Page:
Nov. 16 (Bloomberg) -- Republican lawmakers said they want to compel the Federal Reserve to focus solely on controlling inflation, potentially upending a congressional mandate that has shaped monetary policy for more than 30 years.
Representative Mike Pence, chairman of the House Republican Conference, said he introduced a bill today requiring the Fed to promote price stability while no longer seeking maximum employment. Senator Bob Corker, a member of the Senate Banking Committee, backed a single mandate for the Fed, saying its dual role is “confusing to the market.” The proposal also has support from Representative Paul Ryan, a Wisconsin Republican, who will chair the House Budget Committee in the next Congress.
A 1977 amendment to the Federal Reserve Act requires the central bank to promote both stable prices and full employment. The Fed’s Nov. 3 decision to buy $600 billion of Treasuries in a bid to reduce unemployment has drawn criticism from officials in China, Germany, and Brazil and U.S. economists such as John Taylor and Michael Boskin.
“I can never remember a time in my career when politicians are criticizing the Fed for being too easy,” said Stephen Stanley, chief economist at Pierpont Securities LLC in Stamford, Connecticut. “The Fed has certainly spent down a lot of its credibility through the crisis by being very interventionist.”
Fed spokeswoman Michelle Smith said the central bank “is not seeking a change to its statutory mandate,” and “the dual mandate is appropriate.”
Championed by Bernanke
Republicans are advocating a monetary strategy that was championed by Chairman Ben S. Bernanke before he joined the Fed. Bernanke, a former Princeton University professor, co-wrote a book on inflation targeting in 1999, where he said that when inflation is adopted as the primary goal, policy makers “are accepting the reality of what monetary policy can and cannot do.”
The Fed chairman is still interested in making the central bank’s inflation goal more explicit in a way that conforms with the full employment goal, which changes over time. Today, the public must dig into an appendix in Fed minutes released once a quarter to find that central bankers have a long-run goal for prices of 1.7 to 2 percent, and a full-employment estimate of 5 percent to 5.3 percent.
Corker said today that the Fed’s dual role “can create sort of a bipolar mentality,” and that his proposal would not prevent the Fed from addressing any threat of deflation or its program to buy Treasuries.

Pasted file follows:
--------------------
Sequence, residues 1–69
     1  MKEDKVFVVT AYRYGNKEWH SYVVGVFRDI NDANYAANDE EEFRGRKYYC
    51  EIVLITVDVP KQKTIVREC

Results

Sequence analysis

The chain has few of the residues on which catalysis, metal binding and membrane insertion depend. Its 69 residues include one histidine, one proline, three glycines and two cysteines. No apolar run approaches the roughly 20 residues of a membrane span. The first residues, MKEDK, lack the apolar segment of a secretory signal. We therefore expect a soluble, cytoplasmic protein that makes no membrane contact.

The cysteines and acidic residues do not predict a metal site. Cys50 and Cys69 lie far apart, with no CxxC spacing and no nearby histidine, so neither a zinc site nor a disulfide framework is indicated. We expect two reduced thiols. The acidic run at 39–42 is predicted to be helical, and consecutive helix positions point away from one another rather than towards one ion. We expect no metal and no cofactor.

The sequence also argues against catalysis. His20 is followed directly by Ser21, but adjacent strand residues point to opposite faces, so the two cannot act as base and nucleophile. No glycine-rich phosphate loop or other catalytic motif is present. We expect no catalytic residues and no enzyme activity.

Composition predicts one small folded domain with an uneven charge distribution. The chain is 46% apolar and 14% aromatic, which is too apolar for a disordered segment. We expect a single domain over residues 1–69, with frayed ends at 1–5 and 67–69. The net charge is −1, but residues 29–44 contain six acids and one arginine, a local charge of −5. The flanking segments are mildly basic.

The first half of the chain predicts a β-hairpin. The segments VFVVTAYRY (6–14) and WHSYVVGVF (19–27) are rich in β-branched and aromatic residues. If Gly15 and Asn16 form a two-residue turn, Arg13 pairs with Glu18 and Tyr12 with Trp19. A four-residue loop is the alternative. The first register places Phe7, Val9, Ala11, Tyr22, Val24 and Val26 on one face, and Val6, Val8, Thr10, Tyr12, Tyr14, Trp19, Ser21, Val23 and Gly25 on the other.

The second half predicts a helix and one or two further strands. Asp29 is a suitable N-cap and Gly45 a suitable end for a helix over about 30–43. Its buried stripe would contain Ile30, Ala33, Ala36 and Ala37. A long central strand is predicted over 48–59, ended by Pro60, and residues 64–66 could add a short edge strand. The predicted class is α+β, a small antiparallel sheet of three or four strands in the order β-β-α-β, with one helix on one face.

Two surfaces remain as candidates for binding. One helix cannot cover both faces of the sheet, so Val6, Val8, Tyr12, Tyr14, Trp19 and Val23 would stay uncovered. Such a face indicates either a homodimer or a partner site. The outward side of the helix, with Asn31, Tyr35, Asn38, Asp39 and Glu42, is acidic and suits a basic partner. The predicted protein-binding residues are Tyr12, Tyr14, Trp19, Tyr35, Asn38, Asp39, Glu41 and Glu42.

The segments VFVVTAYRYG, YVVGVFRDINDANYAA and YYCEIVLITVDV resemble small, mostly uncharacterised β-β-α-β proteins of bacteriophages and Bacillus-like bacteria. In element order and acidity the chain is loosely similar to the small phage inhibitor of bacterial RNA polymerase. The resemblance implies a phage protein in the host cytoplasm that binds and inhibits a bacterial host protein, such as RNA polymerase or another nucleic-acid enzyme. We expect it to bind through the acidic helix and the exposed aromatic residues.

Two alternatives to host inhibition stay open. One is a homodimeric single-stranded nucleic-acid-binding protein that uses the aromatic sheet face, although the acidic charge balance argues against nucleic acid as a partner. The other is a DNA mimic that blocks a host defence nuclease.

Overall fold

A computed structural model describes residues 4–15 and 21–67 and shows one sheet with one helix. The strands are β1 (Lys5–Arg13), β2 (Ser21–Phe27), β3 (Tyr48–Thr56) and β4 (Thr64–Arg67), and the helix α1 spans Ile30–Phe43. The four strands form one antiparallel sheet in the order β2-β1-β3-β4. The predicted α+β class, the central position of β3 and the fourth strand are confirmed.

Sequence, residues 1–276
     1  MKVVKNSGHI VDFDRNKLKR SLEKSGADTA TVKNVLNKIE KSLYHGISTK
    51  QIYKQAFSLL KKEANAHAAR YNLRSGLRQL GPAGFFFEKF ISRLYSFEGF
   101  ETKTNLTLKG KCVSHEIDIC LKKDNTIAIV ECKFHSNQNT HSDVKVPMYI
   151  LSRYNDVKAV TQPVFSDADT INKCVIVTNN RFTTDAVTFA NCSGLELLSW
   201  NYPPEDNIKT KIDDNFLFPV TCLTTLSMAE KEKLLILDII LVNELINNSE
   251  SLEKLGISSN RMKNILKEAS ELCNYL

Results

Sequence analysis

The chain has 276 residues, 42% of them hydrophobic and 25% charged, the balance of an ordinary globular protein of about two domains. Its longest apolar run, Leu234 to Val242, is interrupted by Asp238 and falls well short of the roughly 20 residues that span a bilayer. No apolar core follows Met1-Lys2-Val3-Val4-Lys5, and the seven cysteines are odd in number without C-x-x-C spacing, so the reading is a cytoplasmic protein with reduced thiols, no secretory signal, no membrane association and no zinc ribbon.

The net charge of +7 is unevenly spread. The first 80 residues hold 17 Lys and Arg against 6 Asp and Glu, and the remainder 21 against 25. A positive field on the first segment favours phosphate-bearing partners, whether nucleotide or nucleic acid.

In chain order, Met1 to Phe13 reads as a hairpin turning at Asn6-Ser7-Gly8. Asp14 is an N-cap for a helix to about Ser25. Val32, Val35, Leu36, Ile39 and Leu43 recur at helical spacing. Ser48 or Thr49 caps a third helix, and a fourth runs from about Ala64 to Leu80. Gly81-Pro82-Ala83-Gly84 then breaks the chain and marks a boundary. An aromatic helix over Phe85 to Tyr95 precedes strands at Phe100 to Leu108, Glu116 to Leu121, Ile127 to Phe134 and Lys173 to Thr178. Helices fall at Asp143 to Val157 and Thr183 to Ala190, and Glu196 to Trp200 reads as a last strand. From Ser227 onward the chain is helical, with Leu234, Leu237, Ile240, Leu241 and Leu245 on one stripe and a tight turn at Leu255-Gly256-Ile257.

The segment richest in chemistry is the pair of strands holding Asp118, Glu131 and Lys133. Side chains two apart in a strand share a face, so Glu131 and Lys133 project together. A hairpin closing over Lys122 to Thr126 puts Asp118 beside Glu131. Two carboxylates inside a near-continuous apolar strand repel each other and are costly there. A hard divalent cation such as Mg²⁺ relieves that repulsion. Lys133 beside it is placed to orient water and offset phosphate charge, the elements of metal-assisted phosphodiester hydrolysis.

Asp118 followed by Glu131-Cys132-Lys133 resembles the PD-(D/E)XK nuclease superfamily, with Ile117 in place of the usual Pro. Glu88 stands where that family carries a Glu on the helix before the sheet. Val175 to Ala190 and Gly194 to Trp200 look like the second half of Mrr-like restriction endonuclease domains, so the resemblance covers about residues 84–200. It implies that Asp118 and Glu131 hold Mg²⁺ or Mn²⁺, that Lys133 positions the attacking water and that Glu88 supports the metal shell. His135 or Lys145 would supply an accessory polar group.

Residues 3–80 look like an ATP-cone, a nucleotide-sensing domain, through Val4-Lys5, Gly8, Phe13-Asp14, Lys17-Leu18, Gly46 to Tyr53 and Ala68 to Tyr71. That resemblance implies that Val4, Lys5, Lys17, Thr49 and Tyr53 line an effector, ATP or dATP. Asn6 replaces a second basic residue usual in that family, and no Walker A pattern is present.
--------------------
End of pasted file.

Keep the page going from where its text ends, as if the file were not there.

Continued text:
Congress should consider setting a target for inflation because the Fed’s actions can cause “a lot of confusion for all concerned,” Corker, who is from Tennessee, said in an interview today with Bloomberg Television. Corker said he met yesterday with Bernanke, who “is doing the best that he can.”
“The onus for growing jobs in this country should not fall on the Fed,” Pence, of Indiana, said during a press conference today. “It should fall on policy makers in this administration and in the coming Congress.”
He wants the proposed legislation to be considered in Congress’s current lame-duck session, said Matt Lloyd, the communications director for the Republican conference.
Pence joined critics yesterday after an open letter from former Republican government officials and economists asked Bernanke to halt the expansion of monetary stimulus. He said the Fed’s second round of quantitative easing will monetize the U.S. government’s debt and ignite inflation.
By “restraining the Fed and giving clarity to its mission focused singularly on sound monetary policy, we can avoid future short-term fixes that have long-term inflationary consequences,” the 51-year-old lawmaker said.
House Republican Leader John Boehner of Ohio, who will become speaker when the newly elected Congress convenes in January, declined to comment today when asked whether he would put Pence’s legislation to a vote.
House Financial Services Committee Chairman Barney Frank said yesterday that “it would be a very dumb fight” for Republicans to press legislation to change the Fed’s mandate.
“The notion that the Fed should be indifferent to unemployment is a terrible idea, damaging to the economy,” the Democrat from Massachusetts told reporters.
Goes to Obama
Before any House-approved bill can become law, it has to be passed by the Senate and then go to President Barack Obama for his signature.
“We ought to be very careful before we do anything to politicize the Fed, and legislation is subject to that problem,” said Michigan Senator Carl Levin, a Democrat who sits on the Small Business and Entrepreneurship Committee.
Democrats still control both houses during the lame-duck session that began yesterday. Republicans gained at least 60 House seats in the Nov. 2 election, enabling the party to seize a majority in the chamber in January. Republicans gained six seats in the Senate, trimming the Democrats’ control to 53-47.
“I would not be surprised to see it pass the House,” said Sarah Binder, a senior fellow at the Brookings Institution in Washington. “It is an easy way to show your anti-inflationary credentials, and you’ve got cover from some economists.” Still, “it would die in the Senate,” Binder said.
To contact the editor responsible for this story: Christopher Wellisz at email@example.com